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Opinion - The many benefits of household chores for children | Montessori Hampstead | Nursery Hampstead


Why do children need chores?
According to research done by Marty Rossmann, Professor Emeritus at the University of Minnesota, “Giving children household chores at an early age helps to build a lasting sense of mastery, responsibility and self-reliance.” As Montessorians, this is the kind of research we like to read about!

Although we do not classify them as ‘chores’, a huge emphasis is placed on enabling the children to learn how to be independent and help themselves and each other. When a child first arrives at the Children’s House we spend a lot of time demonstrating ‘practical life’ activities, such as cleaning the table, washing up after snack time or polishing a friend’s shoes, which help children to participate in doing things for themselves and the benefit of the community as a whole.   

Professor Rossman states in his research that the extent to which children have been encouraged to actively help out at home has a direct influence on their ability to become well adjusted adults. "Through participating in household tasks, parents are teaching children responsibility, how to contribute to family life, a sense of empathy and how to take care of themselves," he goes on to say. Again, these are all values that are heavily promoted in the Montessori environment.

The younger the better
Interestingly he says that the ideal age for children to start helping out is 3 or 4, nursery age. Leave it too late
 and they lose the sense of wanting to help out for the greater good and become too self centered.  Montessori believed that between the ages of 3 and 6 the child enters the social embryonic stage of development, when they start to internalise all the social conventions they are exposed to and start to use them in everyday life. This is when they start to really to aim to please, so it is the perfect time to start getting them busy with tasks.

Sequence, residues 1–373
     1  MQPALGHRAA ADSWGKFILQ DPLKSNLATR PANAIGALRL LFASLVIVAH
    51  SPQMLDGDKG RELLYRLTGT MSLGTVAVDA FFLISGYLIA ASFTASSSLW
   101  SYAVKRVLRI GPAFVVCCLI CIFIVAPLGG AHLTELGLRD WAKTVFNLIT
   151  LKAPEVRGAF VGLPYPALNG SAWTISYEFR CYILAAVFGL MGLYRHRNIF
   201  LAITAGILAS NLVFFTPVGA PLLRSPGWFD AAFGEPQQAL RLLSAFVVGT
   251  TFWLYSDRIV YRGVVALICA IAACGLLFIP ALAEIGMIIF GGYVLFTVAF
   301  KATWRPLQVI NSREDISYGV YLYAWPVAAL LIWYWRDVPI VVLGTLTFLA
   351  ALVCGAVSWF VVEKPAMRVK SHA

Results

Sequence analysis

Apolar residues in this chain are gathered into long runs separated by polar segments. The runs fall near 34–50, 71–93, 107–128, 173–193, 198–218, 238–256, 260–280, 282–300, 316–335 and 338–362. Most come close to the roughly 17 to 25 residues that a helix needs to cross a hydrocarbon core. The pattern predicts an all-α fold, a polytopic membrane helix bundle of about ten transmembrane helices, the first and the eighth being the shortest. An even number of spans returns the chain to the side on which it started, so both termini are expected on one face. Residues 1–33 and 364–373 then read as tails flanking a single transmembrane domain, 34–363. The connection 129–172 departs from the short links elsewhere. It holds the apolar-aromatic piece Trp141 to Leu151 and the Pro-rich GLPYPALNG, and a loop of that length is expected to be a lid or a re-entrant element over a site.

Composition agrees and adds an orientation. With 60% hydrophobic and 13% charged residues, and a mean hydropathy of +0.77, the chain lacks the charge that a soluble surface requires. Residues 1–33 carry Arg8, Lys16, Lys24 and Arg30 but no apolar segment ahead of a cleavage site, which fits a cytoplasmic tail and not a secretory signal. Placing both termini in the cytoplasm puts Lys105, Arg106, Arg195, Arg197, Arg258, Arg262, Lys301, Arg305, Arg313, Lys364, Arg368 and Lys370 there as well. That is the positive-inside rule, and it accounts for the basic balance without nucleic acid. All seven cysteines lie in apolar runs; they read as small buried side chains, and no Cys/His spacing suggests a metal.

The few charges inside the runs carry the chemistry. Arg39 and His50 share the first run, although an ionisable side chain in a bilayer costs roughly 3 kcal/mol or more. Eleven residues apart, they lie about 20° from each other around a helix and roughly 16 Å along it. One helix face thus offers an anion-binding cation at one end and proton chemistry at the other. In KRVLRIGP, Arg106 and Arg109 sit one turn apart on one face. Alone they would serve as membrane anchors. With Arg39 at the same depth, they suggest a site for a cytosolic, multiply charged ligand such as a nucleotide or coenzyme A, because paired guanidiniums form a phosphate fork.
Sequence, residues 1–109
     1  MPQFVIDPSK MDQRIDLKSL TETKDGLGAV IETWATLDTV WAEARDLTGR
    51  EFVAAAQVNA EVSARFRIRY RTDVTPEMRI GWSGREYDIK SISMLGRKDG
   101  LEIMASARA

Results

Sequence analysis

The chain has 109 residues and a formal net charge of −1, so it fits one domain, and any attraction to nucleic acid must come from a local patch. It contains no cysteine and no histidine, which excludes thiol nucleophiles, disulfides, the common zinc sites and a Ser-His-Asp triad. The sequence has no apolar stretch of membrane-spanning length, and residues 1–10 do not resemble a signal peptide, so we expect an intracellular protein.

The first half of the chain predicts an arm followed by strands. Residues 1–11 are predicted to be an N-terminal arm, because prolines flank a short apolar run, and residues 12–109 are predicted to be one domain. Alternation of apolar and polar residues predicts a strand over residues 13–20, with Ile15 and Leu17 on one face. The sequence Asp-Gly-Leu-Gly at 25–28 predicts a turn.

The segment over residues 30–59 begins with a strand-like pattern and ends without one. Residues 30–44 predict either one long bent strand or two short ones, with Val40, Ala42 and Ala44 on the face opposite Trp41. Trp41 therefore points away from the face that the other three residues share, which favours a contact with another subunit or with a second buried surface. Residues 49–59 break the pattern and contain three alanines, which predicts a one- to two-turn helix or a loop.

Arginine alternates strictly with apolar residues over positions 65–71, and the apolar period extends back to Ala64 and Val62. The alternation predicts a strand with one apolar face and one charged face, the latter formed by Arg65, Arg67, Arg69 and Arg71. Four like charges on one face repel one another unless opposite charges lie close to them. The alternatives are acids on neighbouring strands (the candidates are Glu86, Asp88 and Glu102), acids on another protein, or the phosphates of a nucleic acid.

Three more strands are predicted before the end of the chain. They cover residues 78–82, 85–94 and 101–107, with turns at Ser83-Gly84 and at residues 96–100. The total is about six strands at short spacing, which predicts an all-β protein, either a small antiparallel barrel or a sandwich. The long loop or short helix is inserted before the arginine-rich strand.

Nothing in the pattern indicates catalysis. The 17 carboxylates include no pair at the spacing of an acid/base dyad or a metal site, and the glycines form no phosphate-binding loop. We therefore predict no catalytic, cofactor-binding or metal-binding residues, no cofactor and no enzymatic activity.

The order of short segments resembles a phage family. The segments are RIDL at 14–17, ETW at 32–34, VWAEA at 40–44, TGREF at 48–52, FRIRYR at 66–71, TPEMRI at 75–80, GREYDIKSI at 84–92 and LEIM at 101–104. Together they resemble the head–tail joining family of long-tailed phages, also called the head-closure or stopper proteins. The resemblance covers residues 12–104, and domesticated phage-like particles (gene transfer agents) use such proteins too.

Independence and confidence
Wall Street Journal contributor Jennifer Wallace also shares the same point of view and expands on the fact that chores help build self-reliance, confidence and a positive work ethic. She too, talks about the social aspect of helping out and how children should be encouraged at home to do tasks that benefit the family as a whole. Indeed, when we are telling children about the need to replace their work on the shelves, the key motivator is so that the material will be ready for their friends to use.  So at home, instead of repeating what we may have heard as children “Make your bed” or “Tidy away your toys,” a good way of introducing chores would be to make them more inclusive; “Let’s all do our chores.” Children can be given little jobs that benefit the entire family such as sorting the laundry, setting the table, sweeping or vacuuming.


Incentives and pocket money are not the way forward
It was interesting to read that Professor Rossmann doesn’t believe that pocket money or incentives should be given for completion of chores - they should be seen as part of everyday life and not linked to rewards. This corresponds to the Montessori view of reward.

A lot of parents can feel a resistance to getting their 3 year old to help out around the house and yes, they probably won’t do a great job and it would be easier to do it themselves. But remember to keep modelling how it is done. Slow down your movements and be precise when demonstrating - with practise they will get better. The long term benefits will outweigh a few badly stacked dishwashers and mismatched socks!

For more information on these studies, have a look at the CBS News  and Parenthood articles.

Would you like to know more about introducing Montessori techniques to your home life with your child? Talk to the team at Casa dei Bambini Montessori School. We’re here to help.

Casa dei Bambini Montessori School.